The death of a renowned musician who rose to fame in Brampton, Ontario has sent shock waves through Punjabi communities around the world.
Shubhdeep Singh Sidhu, known by his stage name Sidhu Moose Wala, was shot dead in Punjab on Sunday, Indian state police confirmed. He was 28 years old.
Moose Wala’s impact on Punjabi music, culture and the wider community – in Brampton and beyond – is an underdog achievement, many say.
“Brampton is where he found his success,” said journalist Jaskaran Sandhu.
Sandhu, who co-founded and runs Baaz News, a media outlet focused on the Sikh and Punjabi diaspora, says Moose Wala’s story is international. But in Brampton, it’s a story many can relate to.
“A very unique voice”
Moose Wala came to the city, just northwest of Toronto, in 2016 to study – like many other Punjabis have.
“It’s very Brampton. You came here as an international student, you found your voice, your team, and it’s fulfilling a long dream of becoming a popular and famous Punjabi singer,” Sandhu said.
Brampton’s Punjabi music scene is massive and growing, he says, with millions of songs streaming across the planet. Moose Wala’s uniqueness, says Sandhu, stems from its ability to combine classical Punjabi musical traditions with modern rap and hip hop.
But what also sets Moose Wala apart from the rest are his lyrics.
“It only happened because of the type of ecosystem that exists locally,” Sandhu said.
It would tackle several social issues facing the Punjabi community, including a song about widespread farmer protests in India.
“He had a very unique voice, and the kind of outpouring, love and condolence that you see is the result,” Sandhu said. “I think he represented a lot of internal dialogues and struggles within the community.”
Moose Wala’s background in Brampton helped him bond not only with those born and raised in the city, but also with those who came as immigrants or students.
Sandhu says he’s heard stories of people taking a day off from work or school to mourn the death of Moose Wala, which he says is reminiscent of when Tupac Shakur was killed in 1996.
Roots in Punjab
But Canadians who have never heard of him may not recognize the significance of his death. Sandhu says the Punjabi community in Canada is more likely to be Sikh, and it is a transnational community linking Canada, the United States, the United Kingdom and India, and many other countries where Punjabi Sikhs settled in.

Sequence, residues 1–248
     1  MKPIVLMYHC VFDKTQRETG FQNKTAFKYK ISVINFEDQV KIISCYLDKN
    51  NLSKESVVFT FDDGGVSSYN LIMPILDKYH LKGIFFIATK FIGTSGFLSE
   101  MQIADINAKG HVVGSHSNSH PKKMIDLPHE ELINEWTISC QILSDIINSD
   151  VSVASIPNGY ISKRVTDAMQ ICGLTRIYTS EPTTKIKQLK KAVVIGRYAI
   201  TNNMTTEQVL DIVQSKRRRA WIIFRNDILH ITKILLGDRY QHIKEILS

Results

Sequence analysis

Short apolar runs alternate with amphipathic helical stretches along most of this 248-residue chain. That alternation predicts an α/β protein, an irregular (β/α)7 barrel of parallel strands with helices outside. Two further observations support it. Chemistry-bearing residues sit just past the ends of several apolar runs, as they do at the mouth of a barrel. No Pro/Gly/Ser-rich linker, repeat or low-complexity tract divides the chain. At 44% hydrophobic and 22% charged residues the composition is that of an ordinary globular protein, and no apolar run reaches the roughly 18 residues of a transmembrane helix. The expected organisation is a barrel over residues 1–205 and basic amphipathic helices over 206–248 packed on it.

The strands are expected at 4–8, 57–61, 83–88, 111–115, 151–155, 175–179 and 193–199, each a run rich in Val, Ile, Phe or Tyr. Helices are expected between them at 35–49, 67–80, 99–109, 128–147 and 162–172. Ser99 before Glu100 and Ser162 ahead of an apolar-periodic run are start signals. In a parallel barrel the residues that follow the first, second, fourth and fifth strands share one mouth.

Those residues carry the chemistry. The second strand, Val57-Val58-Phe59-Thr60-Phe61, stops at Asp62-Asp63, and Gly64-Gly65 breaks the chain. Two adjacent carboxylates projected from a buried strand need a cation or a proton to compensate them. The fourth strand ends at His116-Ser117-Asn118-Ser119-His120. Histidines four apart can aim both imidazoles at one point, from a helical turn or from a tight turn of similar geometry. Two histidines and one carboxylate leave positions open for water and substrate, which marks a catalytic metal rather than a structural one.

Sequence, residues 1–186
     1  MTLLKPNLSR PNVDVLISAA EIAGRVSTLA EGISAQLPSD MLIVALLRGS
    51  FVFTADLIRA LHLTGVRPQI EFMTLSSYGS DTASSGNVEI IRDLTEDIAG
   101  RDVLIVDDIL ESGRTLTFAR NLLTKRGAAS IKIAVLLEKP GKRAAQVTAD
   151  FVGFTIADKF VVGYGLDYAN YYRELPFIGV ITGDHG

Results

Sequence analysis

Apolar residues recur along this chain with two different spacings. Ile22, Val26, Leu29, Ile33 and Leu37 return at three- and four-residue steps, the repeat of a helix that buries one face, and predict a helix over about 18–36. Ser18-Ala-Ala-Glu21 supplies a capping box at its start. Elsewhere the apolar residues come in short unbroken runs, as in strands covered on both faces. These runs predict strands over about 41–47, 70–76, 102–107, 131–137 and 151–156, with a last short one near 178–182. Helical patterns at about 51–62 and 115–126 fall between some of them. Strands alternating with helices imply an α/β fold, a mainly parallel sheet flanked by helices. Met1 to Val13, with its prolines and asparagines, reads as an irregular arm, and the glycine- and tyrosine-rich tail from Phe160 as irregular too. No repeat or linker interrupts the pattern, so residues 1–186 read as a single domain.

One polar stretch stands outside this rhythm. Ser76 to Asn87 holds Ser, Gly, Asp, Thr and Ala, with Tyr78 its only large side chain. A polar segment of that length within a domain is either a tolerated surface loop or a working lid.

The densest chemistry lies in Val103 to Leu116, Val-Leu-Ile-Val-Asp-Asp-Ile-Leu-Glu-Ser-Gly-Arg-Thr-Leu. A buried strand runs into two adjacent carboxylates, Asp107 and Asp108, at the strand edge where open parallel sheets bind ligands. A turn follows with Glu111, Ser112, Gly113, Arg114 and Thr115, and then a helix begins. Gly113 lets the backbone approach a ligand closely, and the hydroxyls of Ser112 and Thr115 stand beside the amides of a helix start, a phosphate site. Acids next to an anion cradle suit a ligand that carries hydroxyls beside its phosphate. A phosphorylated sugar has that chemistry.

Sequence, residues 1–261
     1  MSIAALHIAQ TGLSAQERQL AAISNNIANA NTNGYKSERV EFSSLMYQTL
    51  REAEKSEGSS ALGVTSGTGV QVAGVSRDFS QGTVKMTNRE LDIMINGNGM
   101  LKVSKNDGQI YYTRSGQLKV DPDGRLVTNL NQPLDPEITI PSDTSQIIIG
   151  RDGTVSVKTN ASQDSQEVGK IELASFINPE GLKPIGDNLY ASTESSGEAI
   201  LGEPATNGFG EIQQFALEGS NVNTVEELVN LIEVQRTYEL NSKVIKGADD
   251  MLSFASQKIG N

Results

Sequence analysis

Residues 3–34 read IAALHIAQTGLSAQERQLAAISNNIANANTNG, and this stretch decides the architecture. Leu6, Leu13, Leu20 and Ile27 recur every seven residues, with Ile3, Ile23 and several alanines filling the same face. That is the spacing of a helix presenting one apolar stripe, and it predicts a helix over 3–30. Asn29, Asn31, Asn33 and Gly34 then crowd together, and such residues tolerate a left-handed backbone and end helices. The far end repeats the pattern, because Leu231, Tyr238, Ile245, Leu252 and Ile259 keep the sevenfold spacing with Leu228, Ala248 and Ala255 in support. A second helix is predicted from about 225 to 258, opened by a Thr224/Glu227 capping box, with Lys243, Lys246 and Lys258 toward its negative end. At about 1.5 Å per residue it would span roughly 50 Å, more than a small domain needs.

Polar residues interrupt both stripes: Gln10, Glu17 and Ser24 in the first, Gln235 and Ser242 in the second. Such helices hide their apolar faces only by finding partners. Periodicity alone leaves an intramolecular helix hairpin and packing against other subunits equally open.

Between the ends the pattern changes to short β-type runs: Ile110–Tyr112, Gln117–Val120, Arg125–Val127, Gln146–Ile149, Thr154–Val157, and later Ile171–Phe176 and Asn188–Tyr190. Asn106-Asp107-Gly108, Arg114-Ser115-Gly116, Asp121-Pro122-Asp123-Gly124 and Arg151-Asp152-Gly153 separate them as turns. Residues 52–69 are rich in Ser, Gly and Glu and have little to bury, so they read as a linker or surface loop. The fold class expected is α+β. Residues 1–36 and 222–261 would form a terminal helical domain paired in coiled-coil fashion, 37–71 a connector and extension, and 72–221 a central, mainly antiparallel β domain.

“You can’t disconnect us from what’s happening in Punjab and South Asia,” Sandhu said.
This is partly why Moose Wala’s music has resonated with so many.
“We’re listening [Punjabi] music more than we listen to English music,” he said. “Even though you were born and raised here, even though Punjabi has become your second language, you still listen to it more.
Moose Wala has “left a huge impact on the community, spreading across the world”. says Rupen Bhardwaj, a Brampton-based music video maker.
Bhardwaj has directed many successful Moose Wala videos including Legend and B-Town, a song dedicated to Brampton. In all, he and his brother shot six music videos for the acclaimed rapper, including some in Brampton.
When Bhardwaj learned of Moose Wala’s death, he could only think of one of his words “te parallel chalda aan death de” (I walk parallel to death).
“Sidhu’s impact on Brampton spans the entire city,” Bhardwaj said.
“So many people never thought they were an artist, but they see a success story of another student from India who came here to have a life in Canada and went so far with such success,” said- he declared.
“It’s the simple case of an underdog story,” he added.
Deepinder Singh, an international student who now lives in Brampton, said he couldn’t get over the shock of hearing the news.
“He’s like us,” Singh said. “He came here as an international student, struggled, made his music, but now he’s not with us.”
“God bless his soul.”